Christmas was spent in Toronto. We had a wonderful time with Second Son and family; just the granddaughters’ expressive joy over their gifts alone was worth the airfare. The four-year-old’s top wish was an Elsa doll, of the Frozen movie franchise, which she duly received from her parents, as well as the Anna doll. We’d gone to see Frozen after it came out, on account of our grandchildren’s interest, and it had seemed to me that Anna, with her act of sisterly love, was the heroine of the story. I noticed that the girls of my acquaintance were more strongly attracted to Elsa, the princess who turns the kingdom into snow and ice, however. When I puzzled aloud about this, my daughter-in-law explained (and the four-year-old confirmed), “It’s because Elsa has the power.” Hmm; interesting.
While in Toronto, H. and I also went to see the Alex Colville exhibit at the Art Gallery of Ontario. I’m intrigued by Colville’s paintings for several reasons, not the least of which is the way they suggest stories, though not telling them as much as demanding I create them myself from what’s set in the frame. What happened? one wonders. What’s going to happen next? And why this moment?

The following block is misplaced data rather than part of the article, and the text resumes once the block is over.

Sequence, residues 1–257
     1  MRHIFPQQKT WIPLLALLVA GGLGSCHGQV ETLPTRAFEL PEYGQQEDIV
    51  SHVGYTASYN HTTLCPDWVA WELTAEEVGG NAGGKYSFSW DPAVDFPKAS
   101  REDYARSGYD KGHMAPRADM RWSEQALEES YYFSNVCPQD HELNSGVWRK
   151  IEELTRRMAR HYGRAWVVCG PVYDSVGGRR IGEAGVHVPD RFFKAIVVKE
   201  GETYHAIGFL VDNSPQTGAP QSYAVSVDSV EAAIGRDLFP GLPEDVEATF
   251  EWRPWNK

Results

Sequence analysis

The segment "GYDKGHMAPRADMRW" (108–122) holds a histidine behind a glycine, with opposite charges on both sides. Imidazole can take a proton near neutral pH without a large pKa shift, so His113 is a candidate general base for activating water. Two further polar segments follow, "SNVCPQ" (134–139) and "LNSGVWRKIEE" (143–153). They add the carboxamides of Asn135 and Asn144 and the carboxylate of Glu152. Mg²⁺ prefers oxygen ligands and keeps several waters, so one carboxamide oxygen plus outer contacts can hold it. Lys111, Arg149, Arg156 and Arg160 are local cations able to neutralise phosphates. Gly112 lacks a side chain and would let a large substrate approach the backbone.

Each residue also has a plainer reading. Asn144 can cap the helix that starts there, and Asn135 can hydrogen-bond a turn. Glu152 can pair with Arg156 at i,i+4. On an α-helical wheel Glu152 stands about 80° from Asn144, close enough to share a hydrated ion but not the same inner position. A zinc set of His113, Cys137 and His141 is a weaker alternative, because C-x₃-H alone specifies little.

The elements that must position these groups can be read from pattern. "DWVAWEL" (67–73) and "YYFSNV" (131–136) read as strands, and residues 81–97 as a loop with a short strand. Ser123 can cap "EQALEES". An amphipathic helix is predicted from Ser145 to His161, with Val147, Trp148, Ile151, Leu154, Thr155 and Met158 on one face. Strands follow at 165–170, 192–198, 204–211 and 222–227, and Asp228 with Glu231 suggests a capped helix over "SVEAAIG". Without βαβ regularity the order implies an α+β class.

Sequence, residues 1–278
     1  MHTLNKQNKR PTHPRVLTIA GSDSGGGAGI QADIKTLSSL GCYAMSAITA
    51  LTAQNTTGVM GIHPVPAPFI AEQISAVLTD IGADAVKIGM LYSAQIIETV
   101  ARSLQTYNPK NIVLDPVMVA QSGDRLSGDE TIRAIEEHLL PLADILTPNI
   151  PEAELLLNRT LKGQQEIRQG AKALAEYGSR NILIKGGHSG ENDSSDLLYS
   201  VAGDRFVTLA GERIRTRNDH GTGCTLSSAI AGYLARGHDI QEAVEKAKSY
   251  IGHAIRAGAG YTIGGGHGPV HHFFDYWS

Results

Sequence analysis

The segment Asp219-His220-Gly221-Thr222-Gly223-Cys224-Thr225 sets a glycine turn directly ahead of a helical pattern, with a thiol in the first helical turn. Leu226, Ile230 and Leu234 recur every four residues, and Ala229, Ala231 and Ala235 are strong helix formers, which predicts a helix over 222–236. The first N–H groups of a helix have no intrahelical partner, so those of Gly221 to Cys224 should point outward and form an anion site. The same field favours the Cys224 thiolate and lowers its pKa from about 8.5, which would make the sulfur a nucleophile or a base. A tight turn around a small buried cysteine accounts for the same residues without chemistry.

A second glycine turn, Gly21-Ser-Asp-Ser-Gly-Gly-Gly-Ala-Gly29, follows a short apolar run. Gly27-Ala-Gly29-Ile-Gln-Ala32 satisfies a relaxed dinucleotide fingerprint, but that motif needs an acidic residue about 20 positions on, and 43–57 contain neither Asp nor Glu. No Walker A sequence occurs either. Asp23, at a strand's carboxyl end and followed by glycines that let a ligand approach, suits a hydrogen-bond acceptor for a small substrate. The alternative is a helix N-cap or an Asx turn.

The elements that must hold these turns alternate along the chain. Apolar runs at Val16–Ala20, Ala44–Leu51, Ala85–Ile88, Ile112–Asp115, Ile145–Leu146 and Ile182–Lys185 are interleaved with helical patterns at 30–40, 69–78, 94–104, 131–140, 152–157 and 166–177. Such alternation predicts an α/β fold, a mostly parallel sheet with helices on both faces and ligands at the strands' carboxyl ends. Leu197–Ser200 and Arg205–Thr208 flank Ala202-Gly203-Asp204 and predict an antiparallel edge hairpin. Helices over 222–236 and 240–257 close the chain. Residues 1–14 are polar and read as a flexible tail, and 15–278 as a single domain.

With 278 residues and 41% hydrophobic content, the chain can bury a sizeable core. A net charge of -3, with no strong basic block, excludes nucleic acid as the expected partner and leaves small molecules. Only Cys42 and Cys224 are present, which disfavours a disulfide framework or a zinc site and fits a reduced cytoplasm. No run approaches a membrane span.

In “To Prince Edward Island,” which was reproduced on a wall outside the exhibit for visitors to pose against (as I did above), the woman has picked up binoculars to look closely. Her pose is one of vigilance. The man behind her, though hidden and surely looking too, seems relaxed. The woman’s gaze penetrates, feels uncomfortable (if directed at me), has a sense of prescience about it. The distance and depth already traversed is vast; is past. It’s the Here and Ahead that matters.
Is her looking eager, or afraid, or steady as she goes? Are the binoculars her Elsa-like (and thus attractive) power?
“To Prince Edward Island” reminds me of the temporal space into which I’m travelling as the new year opens. Uncertainties about 2015 seem larger for me than usual me on the cusp of a new year. Nothing to do, however, but look straight into it. Like the woman in the painting does — unflinchingly.
In that spirit, I’m coming to you, for however short or long, with a new blog face. Thumbs up or down about the change are welcome.